Read the full story at Lexology.
A class action complaint filed in July by New York and California residents in the Northern District of California takes aim at a series of Clorox-brand products that are marketed as comprising “green” or “natural” ingredients.
Read the full story in GreenBiz.
Businesses that trumpet their environmental credentials are often accused of greenwash. Rightly, organizations such as WWF have to show that when we collaborate with a company that isn’t getting everything right, it’s because we believe we can change how it works to become better. But there may be another phenomenon too, maybe a backlash to greenwash: that of “green hush.” If a company fears the accusation of greenwash or thinks customers won’t care about its attitude to climate change or the natural environment, then why would it shout about it?
Read the full story in Environmental Leader.
Walmart has agreed to pay $1 million to settle greenwashing claims that allege the nation’s largest retailer sold plastic products that were misleadingly labeled “biodegradable” or “compostable” in violation of California law.
Read the full story in AdWeek.
Earlier today, the Federal Trade Commission announced complaints against four major retailers—Bed Bath & Beyond, Nordstrom, JCPenney and Backcountry.com—with civil penalties totaling $1.3 million. The offense? Marketing bamboo products that aren’t made of bamboo.
Read the full story in the New York Times.
The New York attorney general has begun a sweeping investigation of Exxon Mobil to determine whether the company lied to the public about the risks of climate change or to investors about how those risks might hurt the oil business.
According to people with knowledge of the investigation, Attorney General Eric T. Schneiderman issued a subpoena Wednesday evening to Exxon Mobil, demanding extensive financial records, emails and other documents.
Read the full story in Plastics News.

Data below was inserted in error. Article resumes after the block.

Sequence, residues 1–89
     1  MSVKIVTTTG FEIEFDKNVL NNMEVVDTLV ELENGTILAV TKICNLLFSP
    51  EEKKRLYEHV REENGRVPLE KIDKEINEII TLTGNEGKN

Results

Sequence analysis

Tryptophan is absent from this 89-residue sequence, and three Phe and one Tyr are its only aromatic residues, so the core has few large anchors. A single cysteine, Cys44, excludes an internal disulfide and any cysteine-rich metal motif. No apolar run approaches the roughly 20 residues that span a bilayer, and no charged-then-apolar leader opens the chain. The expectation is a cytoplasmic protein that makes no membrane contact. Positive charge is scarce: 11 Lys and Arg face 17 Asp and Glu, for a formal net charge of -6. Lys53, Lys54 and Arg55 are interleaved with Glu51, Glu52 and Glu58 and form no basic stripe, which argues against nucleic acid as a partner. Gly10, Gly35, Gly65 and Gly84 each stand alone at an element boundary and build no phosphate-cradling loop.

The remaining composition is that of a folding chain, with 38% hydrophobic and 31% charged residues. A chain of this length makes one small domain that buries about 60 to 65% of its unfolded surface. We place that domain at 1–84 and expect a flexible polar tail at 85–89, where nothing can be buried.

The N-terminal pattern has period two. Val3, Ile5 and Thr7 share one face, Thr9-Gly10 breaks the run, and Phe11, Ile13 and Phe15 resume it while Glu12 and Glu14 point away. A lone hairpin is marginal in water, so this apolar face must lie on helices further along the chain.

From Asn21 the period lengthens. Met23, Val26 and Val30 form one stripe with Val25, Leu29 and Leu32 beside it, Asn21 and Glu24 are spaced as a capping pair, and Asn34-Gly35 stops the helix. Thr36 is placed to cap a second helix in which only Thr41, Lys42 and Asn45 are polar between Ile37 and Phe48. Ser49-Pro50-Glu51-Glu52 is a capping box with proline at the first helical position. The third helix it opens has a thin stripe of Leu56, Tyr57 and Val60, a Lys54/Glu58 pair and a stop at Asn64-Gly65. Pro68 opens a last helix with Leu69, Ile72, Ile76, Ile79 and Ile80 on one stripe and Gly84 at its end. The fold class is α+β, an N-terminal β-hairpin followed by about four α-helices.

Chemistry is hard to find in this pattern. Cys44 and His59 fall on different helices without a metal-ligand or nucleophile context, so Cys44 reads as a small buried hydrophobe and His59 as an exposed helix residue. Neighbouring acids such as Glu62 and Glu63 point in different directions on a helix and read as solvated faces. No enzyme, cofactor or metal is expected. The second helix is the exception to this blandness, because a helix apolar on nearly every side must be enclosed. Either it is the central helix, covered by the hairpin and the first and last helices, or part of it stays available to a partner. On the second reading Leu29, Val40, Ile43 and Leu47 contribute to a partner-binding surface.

The U.S. Federal Trade Commission has ruled against an Ohio-based plastics film maker, calling ECM BioFilms Inc.’s claims that its product is biodegradable “false and unsubstantiated.”
The FTC ruling overturns an administrative law judge’s decision in January that ECM’s MasterBatch Pellets cause plastics to biodegrade and that such claims are supported by evidence, including more than 20 gas evolution tests proving biodegradability. The FTC rejected the nearly 1,500 findings in the more than 300-page decision by Administrative Law Judge D. Michael Chappell.
However, the new ruling says the company’s claims that treated plastics will biodegrade in a landfill over a time period spanning nine months to five years are merely deceptive marketing.
FTC’s final order bans ECM from saying any plastic product treated with its additive is “biodegradable” unless that claim is supported by scientific evidence and that the entire plastic item will completely decompose into elements found in nature within five years if disposed of in a conventional way, unless the product is clearly labeled with an explanation of how long it takes to biodegrade and any special disposal requirements.
Read the full story at Fast Company.
New laundry-free linens may be convenient for college students, Airbnb hosts, and disaster relief. But saying they are eco-friendly is a stretch.